May 09, 2014 — The women in John Brown's family will be the focus of a lecture at the John Brown Day event in Lake Placid on Saturday. John Brown, the famous abolitionist, was convicted of treason and hanged for leading the raid on Harper's Ferry. He's buried on his family's farm in North Elba.
In 1849, he moved to a farm in the Adirondacks to lead freed slaves in farming. Each year, the non-profit organization, "John Brown Lives!" sponsors a series of lectures, workshops and a commemoration of John Brown's work to end slavery.
Todd Moe talks with historian Bonnie Laughlin-Schultz, who has written a book about the work of Mary, Brown's wife, and his daughters, Ruth and Annie, on behalf of the anti-slavery movement in the 19th century.
Laughlin-Schultz will lead a workshop for teachers on Saturday morning, and be part of a panel of historians talking about women and abolition. She's the author of the book, "The Tie That Bound Us: The Women of John Brown's Family and the Legacy of Radical Abolitionism." Go to full article
May 02, 2014 — Writer George Saunders will be reading and talking about his work on the SUNY Canton campus as part of its Living Writers series tonight at 6:30. Saunders is the author of books including the story collections "CivilWarLand in Bad Decline", "Pastoralia", and "In Persuasion Nation." He's won many awards including a MacArthur Foundation "Genius" grant, and been on Time Magazine's list of the 100 most influential people in the world. He teaches in the Creative Writing Program at Syracuse University.
Saunders talked today in our studios with Readers & Writers Host Chris Robinson, about his short story collection, 10th of December, social justice in writing, and kindness, the subject of his newest book, "Congratulations, By The Way: Some Thoughts on Kindness." Go to full article
May 02, 2014 — We have a bit of a tradition here at North Country Public Radio: book reviewer Betsy Kepes brings in a group of Canton H.S. students who have read and talked about a particular book to share their reactions with us.
On May 1, 2014, Betsy led a conversation about A Tale for the Time Being, by Ruth Ozeki, a Man Booker Prize finalist in fiction.
Narrated alternately by a teenage girl in Tokyo and a middle-aged writer living on an island off British Columbia, the book explores and connects the themes of time, culture, physics, zen, and bullying. Go to full article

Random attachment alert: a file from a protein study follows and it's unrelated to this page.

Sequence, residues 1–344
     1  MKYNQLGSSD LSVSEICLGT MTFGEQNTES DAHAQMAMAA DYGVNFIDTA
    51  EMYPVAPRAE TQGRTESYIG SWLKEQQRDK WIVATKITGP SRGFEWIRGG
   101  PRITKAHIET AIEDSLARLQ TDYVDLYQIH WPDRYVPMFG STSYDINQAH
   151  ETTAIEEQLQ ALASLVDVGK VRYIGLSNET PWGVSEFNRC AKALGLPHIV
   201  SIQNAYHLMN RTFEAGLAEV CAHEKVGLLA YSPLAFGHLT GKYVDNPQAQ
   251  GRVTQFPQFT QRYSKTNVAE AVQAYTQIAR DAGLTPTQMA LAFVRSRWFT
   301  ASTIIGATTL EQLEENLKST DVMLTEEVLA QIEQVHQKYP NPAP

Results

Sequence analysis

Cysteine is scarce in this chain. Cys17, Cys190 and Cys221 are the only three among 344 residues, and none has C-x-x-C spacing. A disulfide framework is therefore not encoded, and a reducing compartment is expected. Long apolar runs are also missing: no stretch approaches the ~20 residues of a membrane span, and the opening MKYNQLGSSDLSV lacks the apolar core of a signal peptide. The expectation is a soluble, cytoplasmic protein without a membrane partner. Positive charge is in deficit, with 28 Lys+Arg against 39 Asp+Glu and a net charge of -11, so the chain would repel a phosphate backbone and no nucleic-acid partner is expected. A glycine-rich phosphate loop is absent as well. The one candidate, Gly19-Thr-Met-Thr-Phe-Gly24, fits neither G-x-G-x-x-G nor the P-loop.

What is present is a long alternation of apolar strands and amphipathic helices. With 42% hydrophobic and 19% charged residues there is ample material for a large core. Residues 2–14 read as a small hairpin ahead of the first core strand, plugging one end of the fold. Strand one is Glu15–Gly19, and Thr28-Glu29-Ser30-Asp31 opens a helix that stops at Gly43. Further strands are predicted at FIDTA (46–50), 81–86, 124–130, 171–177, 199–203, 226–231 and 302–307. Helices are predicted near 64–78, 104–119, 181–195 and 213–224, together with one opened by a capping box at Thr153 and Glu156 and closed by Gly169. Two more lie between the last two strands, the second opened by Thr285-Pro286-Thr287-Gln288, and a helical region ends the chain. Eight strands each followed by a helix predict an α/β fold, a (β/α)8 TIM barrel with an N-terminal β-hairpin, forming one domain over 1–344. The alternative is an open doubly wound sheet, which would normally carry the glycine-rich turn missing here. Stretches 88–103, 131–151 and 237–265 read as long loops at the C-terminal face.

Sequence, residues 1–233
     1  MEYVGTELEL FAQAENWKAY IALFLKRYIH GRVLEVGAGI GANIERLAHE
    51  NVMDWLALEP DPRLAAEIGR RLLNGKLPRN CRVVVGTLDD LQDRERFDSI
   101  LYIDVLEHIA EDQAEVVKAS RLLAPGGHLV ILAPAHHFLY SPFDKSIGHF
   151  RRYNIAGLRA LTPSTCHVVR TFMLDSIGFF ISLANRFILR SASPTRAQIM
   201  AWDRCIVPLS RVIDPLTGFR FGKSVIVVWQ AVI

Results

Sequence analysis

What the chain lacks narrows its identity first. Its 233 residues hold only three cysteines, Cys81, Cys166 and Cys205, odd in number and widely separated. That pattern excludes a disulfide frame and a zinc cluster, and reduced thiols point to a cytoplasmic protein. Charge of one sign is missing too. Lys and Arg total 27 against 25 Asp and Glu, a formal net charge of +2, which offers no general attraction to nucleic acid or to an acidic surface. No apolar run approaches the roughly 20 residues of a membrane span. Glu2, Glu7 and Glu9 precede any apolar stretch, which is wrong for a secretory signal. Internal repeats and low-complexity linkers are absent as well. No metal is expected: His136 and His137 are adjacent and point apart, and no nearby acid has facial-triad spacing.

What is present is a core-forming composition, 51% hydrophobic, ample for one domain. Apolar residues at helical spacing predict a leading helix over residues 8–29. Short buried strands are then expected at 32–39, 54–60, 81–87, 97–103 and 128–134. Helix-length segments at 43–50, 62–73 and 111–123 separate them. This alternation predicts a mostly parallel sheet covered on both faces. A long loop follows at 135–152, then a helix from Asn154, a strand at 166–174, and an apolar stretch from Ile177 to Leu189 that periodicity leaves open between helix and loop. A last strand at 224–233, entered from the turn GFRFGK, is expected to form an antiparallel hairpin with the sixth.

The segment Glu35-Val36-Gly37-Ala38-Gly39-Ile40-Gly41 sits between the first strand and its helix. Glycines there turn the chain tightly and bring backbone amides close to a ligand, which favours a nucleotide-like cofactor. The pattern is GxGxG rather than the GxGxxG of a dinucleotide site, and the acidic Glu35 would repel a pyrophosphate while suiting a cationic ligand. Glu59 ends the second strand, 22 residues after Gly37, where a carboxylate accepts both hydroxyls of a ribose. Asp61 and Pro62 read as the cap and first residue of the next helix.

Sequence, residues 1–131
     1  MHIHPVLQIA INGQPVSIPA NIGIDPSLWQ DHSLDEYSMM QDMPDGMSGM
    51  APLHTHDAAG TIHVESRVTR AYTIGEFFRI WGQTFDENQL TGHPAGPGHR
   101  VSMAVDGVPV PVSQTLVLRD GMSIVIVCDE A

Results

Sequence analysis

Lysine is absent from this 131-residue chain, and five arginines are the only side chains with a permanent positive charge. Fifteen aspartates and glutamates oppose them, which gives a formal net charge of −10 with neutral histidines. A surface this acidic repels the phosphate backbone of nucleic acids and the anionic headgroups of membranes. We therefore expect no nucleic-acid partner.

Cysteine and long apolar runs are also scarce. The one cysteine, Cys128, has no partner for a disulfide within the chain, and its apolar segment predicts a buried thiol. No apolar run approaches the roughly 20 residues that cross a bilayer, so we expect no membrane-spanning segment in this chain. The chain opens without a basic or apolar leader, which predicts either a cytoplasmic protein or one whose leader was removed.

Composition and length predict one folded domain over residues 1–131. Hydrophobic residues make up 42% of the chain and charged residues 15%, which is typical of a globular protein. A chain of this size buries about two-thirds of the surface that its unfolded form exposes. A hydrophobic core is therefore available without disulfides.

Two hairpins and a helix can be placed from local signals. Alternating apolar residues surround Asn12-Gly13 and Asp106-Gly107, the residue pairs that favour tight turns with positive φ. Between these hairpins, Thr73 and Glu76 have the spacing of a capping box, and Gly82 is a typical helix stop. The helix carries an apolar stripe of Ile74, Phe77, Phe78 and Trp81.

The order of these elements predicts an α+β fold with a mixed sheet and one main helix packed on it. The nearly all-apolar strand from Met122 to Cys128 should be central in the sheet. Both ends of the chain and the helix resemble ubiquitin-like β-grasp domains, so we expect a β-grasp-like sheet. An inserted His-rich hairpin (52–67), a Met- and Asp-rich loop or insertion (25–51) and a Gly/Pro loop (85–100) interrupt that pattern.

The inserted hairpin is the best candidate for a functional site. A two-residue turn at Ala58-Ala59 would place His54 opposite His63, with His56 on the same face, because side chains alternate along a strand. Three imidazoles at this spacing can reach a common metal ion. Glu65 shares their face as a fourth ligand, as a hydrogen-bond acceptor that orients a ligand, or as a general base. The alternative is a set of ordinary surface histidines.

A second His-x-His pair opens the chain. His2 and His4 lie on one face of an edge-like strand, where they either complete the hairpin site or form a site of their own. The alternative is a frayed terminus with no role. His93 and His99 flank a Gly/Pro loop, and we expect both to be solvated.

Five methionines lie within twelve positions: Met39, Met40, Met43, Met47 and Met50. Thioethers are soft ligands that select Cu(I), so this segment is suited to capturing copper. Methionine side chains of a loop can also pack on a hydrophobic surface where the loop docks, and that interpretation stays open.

May 01, 2014 — A Canton author has written a new book exploring the basic fundamentals of the zodiac. "In the Night Sky" is a guide for young readers to understand the night sky, the... Go to full article
Apr 30, 2014 — Imagine life in a Dutch village along the Hudson River in the years before the American Revolution. When a farm woman's husband disappears, how will her family survive as the... Go to full article
Apr 15, 2014 — In Colin McAdam's new novel, a childless couple in Addison County, Vermont buys a baby chimpanzee. At first he's a cute little guy, but what happens when an ape is raised as... Go to full article
Mar 27, 2014 — All sorts of people dabble in documenting family history. Some with a stronger interest attend conferences, like one held this March in Ottawa. Organized by the local branch... Go to full article
Mar 12, 2014 — Cranberry Lake author Matthew Glavin loves a good mystery and a hunt for lost treasure. He and co-author Michael Dolan have released the second installment in the "Adirondack... Go to full article
Mar 11, 2014 — What item fills up an aisle at most North Country grocery stores, a food so common we don't even see it? White bread, the All-American food. Betsy Kepes has this review of... Go to full article
Feb 26, 2014 — Lake Clear author Jamie Sheffield recently published another novel in his mystery/crime series featuring protagonist Tyler Cunningham. Sheffield, who teaches at Lake Placid... Go to full article